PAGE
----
From recent research covered by Johnna Crider, researchers estimate pouch and cylindrical cells are going down in cost by 20% to 24% per doubling of capacity. Automotive revenue for Tesla last year was $27.236 billion, and with 500,000 vehicles sold, that gives us an Average Selling Price of $54,472. If Tesla meets Wright’s Law for batteries twice over the next 5 years and decreases the ASP of $54,472 two times by 20%, we get a 2025 ASP of $34,862. Multiplied by 5 million vehicles, that gives us $174 billion in revenue. This is an approximation, since the batteries are not the whole car, but a major part of it. I am excluding everyone else in the industry, but it’s possible we see Wright’s Law triggered a third time in 5 years with industry growth. My estimate is far below ARK’s bear case example of $234 billion in revenue. It also presumes Tesla can grow 58% a year, which as I said, would be phenomenal. 

Insurance Revenue

When I ran my simulation, I came out with an average of $11.282 billion for insurance revenue. This is far below ARK’s estimate of $23 billion.

I checked my auto policy at State Farm. State Farm is charging me $94.57 a month, for an annualized rate of $1,134.84. If we assume everyone is paying something similar and switches to Tesla Insurance, for 14 million vehicles, that comes out to $16.1 billion. This amount should be reduced as Tesla safety improves and ASP comes down. The extra $7 billion are charges due to ride-hail insurance coverage. The charges for ride-hail seem excessive to me, since commercial auto or ride-hail policies have been around for many years, due to the popularity of Uber, Lyft, and other driving services. 

Practical considerations

  • Tesla Insurance may not be available in all states and countries
  • Not everyone will switch to Tesla Insurance
  • Tesla seems to have a profit and loss sharing agreement with independent insurance companies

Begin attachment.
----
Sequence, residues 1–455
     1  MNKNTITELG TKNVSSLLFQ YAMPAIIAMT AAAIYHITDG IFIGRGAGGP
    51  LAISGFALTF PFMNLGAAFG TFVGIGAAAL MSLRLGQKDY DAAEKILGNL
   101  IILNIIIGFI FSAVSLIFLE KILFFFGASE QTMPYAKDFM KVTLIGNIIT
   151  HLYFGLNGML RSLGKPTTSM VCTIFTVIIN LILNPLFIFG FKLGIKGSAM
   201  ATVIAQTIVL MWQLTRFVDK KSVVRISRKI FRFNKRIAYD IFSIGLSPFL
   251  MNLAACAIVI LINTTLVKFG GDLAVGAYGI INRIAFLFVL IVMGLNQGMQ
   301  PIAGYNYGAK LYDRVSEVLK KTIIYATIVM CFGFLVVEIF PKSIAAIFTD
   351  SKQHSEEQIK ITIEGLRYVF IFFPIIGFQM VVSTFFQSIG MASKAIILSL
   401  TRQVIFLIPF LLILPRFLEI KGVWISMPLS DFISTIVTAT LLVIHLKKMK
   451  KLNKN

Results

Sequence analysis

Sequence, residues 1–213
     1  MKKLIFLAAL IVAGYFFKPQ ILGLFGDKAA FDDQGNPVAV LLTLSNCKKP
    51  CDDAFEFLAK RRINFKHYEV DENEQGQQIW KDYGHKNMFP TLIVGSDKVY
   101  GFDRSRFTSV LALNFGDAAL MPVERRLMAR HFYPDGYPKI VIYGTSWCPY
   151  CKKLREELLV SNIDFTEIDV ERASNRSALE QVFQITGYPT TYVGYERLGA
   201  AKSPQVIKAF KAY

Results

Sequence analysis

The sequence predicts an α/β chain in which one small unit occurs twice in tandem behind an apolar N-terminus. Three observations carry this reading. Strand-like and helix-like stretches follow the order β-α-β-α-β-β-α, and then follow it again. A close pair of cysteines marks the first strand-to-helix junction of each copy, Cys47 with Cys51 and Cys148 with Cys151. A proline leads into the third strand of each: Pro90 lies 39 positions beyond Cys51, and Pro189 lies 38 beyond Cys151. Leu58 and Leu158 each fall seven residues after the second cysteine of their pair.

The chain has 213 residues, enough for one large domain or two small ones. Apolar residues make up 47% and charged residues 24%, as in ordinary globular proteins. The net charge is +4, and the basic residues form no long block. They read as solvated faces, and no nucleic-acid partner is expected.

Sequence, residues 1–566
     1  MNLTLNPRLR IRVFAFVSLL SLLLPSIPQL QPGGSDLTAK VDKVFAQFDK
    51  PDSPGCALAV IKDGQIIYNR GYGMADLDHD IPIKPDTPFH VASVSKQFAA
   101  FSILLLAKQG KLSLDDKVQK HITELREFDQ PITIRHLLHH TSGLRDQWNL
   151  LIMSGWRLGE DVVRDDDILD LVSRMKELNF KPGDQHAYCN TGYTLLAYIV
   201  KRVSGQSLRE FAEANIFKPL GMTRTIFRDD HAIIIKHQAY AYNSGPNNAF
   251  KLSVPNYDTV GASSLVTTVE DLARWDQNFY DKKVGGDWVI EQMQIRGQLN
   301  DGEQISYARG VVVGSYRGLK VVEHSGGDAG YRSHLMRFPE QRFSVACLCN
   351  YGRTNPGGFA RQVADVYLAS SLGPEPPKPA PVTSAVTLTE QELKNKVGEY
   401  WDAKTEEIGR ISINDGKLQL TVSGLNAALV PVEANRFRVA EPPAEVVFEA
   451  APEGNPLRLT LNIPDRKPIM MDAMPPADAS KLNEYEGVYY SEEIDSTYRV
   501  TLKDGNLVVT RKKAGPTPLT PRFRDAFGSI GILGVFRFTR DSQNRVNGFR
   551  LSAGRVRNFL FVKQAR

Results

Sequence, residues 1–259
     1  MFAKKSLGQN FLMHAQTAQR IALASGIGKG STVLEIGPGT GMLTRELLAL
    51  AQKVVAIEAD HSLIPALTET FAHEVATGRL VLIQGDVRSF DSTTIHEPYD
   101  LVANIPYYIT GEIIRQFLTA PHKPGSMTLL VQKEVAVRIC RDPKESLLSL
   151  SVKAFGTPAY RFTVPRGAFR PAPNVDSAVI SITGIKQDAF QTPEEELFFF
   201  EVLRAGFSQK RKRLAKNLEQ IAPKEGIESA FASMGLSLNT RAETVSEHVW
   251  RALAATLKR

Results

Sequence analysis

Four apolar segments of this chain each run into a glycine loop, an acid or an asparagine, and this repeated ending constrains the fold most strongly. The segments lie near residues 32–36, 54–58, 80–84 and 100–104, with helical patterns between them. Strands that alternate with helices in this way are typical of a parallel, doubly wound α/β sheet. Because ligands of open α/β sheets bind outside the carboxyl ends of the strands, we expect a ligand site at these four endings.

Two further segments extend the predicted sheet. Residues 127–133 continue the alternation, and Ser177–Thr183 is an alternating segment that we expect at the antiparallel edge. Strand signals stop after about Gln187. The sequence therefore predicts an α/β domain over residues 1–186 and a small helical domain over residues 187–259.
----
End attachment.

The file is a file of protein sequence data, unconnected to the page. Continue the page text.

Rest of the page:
• With more Teslas on the road and better safety data, insurance costs should come down due to lower accident rates and being easier to fix, pressuring insurance revenue potential
  • Tesla wants to make it more convenient and cheaper to get insurance, not necessarily to make money off of it (right away)
  • A loss ratio of 80% to start with would be amazing. New insurance programs have a combined loss ratio well above 100%, from my experience. 

Human-Driven Ride-Hail Revenue

In my Monte Carlo simulation, my results gave me an average of $6.277 billion for human-driven ride-hail revenue. ARK estimated $42 billion. ARK does a good job of changing assumptions on per mile charge, total vehicles, and % in the fleet.

Let’s take a look at revenues for Uber, Lyft, and Doordash over the last year. This will give us an idea of the potential for Tesla human-driven ride-hail revenue.

To make things easy, everyone else doesn’t lose revenue, and Tesla gains $42 billion in ride-hailing and delivery revenue by 2025. That grows the total market to $62 billion, for a compound growth of 25.8%. Compared to delivery numbers, this seems very reasonable, especially as the world economy grows coming out of the pandemic. But, and this is a big but, if three of the established leaders only pull in $20 billion in ride-hailing and delivery revenue today, is it reasonable for Tesla, with no network advantages, no app at the moment, no ride-hailing service, to ride in and get $42 billion in revenue in 5 years from scratch?